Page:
Jochen Wiedmann > DBD-pNET-0.1003 > DBD::pNET

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Module Version: 0.1003   Source  

NAME ^

DBD::pNET - Perl network database driver for the DBI module

SYNOPSIS ^

  use DBI;

  $dbh = DBI->connect("dbi:pNET:hostname=$host:port=$port:dsn=$db",
                      $user, $passwd);

  # See the DBI module documentation for full details

DESCRIPTION ^

DBD::pNET is a Perl module for connecting to a database via a remote DBI driver. This is of course not needed for DBI drivers which already support connecting to a remote database, but there are DBI drivers which work with local databases only, for example DBD::ODBC.

CONNECTING TO THE DATABASE ^

Before connecting to a remote database, you must ensure, that a pNET agent is running on the remote machine. There's no default port, so you have to ask your system administrator for the port number.

Say, your pNET agent is running on machine "alpha", port 3334, and you'd like to connect to an ODBC database called "mydb" as user "joe" with password "hello". When using DBD::ODBC directly, you'd do a

  $dbh = DBI->connect("DBI:ODBC:mydb", "joe", "hello");

With DBD::pNET this becomes

  $dsn = "DBI:pNET:hostname=alpha:port=3334:dsn=DBI:ODBC:mydb";
  $dbh = DBI->connect($dsn, "joe", "hello");

You see, this is mainly the same. The DBD::pNET module will create a connection to the pNET agent on "alpha" which in turn will connect to the ODBC database.

DBD::pNET's DSN string has the format

  $dsn = "DBI:pNET:key1=val1: ... :keyN=valN:dsn=valDSN";

In other words, it is a collection of key/value pairs. The following keys are recognized:

hostname
port

Hostname and port of the pNET agent; these keys must be present, no defaults. Example:

    hostname=alpha:port=3334
dsn

The value of this attribute will be used as a dsn name by the pNET agent. Thus it must have the format DBI:driver:..., in particular it will contain colons. For this reason the dsn key must be the last key and its value will be the the complete remaining part of the line, regardless of colons or other characters. Example:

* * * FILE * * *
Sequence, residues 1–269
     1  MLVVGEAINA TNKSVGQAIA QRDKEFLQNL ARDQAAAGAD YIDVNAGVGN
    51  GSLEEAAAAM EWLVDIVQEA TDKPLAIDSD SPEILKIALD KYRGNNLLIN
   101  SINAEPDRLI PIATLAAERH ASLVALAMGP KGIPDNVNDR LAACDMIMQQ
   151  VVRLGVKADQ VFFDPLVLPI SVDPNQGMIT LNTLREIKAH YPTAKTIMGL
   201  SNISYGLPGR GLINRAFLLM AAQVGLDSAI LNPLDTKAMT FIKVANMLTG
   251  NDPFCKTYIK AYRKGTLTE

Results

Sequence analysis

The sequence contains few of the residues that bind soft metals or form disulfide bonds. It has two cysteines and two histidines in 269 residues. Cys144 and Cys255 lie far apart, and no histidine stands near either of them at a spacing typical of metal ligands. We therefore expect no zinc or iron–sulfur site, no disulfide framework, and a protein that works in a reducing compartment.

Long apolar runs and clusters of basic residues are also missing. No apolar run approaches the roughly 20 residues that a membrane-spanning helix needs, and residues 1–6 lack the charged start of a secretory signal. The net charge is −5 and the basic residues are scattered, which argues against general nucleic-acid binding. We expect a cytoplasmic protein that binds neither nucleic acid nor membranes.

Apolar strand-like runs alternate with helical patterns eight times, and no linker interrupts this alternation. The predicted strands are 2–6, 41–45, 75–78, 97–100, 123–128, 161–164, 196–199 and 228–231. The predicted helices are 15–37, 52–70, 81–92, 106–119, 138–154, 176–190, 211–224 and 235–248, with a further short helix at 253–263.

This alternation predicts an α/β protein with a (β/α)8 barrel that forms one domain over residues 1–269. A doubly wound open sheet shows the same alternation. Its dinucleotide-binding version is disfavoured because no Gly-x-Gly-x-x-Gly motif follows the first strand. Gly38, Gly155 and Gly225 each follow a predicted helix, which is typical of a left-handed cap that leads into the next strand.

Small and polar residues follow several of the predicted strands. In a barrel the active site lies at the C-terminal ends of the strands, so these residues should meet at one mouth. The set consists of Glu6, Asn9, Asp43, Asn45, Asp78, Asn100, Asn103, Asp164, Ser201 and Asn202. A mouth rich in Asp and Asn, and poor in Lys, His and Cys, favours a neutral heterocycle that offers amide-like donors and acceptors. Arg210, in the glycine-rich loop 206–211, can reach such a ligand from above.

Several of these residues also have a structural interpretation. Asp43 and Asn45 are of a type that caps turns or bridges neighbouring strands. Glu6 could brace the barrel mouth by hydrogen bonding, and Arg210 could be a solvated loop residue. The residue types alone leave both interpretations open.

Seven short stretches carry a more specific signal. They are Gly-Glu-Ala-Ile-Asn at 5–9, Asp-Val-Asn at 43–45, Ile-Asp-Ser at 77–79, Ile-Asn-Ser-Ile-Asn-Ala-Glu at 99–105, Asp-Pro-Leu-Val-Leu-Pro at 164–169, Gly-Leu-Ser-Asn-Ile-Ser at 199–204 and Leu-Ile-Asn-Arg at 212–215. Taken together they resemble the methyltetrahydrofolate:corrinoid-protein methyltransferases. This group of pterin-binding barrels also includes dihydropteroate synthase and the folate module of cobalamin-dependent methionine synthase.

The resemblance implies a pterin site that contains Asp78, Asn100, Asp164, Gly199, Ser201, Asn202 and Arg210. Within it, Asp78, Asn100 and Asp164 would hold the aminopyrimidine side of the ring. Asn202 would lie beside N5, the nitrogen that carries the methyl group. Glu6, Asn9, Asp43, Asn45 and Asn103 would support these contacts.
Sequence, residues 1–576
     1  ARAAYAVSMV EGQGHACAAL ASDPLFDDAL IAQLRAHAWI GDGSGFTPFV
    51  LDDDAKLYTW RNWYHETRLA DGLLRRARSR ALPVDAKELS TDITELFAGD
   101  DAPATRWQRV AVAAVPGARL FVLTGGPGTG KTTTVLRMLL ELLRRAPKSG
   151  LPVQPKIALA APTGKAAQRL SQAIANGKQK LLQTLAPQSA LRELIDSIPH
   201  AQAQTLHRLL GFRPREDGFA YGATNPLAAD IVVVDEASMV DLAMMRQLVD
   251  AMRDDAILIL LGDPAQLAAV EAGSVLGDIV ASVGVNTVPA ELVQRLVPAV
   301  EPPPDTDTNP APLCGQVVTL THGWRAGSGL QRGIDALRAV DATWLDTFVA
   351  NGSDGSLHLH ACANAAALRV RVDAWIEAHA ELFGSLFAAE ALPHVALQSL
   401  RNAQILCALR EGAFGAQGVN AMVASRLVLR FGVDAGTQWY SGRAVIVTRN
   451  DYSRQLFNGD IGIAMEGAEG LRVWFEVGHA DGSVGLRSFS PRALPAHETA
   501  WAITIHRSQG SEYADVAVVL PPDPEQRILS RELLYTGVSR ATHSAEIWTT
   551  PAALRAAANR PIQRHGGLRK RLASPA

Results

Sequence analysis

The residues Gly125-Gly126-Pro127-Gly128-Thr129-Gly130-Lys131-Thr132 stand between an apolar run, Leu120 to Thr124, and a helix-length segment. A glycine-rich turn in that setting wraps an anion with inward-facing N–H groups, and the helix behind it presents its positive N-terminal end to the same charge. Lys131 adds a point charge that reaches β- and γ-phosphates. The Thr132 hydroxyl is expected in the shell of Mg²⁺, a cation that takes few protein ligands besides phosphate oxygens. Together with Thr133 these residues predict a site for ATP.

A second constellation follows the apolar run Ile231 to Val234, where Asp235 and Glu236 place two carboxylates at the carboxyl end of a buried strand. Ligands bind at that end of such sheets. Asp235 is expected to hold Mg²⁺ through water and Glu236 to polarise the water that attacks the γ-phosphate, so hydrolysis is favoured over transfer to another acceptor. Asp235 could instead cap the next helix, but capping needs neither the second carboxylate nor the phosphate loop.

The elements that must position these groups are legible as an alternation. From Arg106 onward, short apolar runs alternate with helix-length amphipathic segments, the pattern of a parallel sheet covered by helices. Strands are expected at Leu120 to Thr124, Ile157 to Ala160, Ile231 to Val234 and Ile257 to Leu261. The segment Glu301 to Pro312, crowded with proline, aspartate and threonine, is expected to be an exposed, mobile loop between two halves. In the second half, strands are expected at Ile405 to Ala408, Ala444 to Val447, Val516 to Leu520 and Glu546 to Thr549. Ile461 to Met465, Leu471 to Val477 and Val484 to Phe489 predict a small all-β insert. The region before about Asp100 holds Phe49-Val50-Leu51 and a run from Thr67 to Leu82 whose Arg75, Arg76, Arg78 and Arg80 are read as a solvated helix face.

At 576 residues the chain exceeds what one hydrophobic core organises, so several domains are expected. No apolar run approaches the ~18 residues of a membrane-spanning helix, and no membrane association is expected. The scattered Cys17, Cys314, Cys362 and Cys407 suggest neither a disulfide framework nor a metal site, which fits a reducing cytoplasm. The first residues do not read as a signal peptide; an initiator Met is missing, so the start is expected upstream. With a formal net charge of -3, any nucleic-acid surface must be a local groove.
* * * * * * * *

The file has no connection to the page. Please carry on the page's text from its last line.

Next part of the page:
dsn=DBI:ODBC:mydb
cipher
key
usercipher
userkey

By using these fields you can enable encryption. If you set, for example,

    cipher=$class:key=$key

then DBD::pNET will create a new cipher object by executing

    $cipherRef = $class->new(pack("H*", $key));

and pass this object to the RPC::pClient module when creating a client. See RPC::pClient(3). Example:

    cipher=IDEA:key=97cd2375efa329aceef2098babdc9721

The usercipher/userkey attributes allow you to use two phase encryption: The cipher/key encryption will be used in the login and authorisation phase. Once the client is authorised, he will change to usercipher/userkey encryption. Thus the cipher/key pair is a host based secret, typically less secure than the usercipher/userkey secret and readable by anyone. The usercipher/userkey secret is your private secret.

Of course encryption requires an appropriately configured server. See <pNETagent(3)/CONFIGURATION FILE>.

debug

Turn on debugging mode

SEE ALSO ^

DBI(3), RPC::pClient(3), IO::Serialize(3)

AUTHOR ^

Jochen Wiedmann, wiedmann@neckar-alb.de

COPYRIGHT ^

The DBD::pNET module is Copyright (c) 1997 Jochen Wiedmann. Parts of the sources are based on the DBD::Oracle module. The DBD::Oracle module is Copyright (c) 1995,1996,1997 Tim Bunce. England.

The DBD::pNET module is free software; you can redistribute it and/or modify it under the same terms as Perl itself with the exception that it cannot be placed on a CD-ROM or similar media for commercial distribution without the prior approval of the author.

ACKNOWLEDGEMENTS ^

See also "ACKNOWLEDGEMENTS" in DBI.

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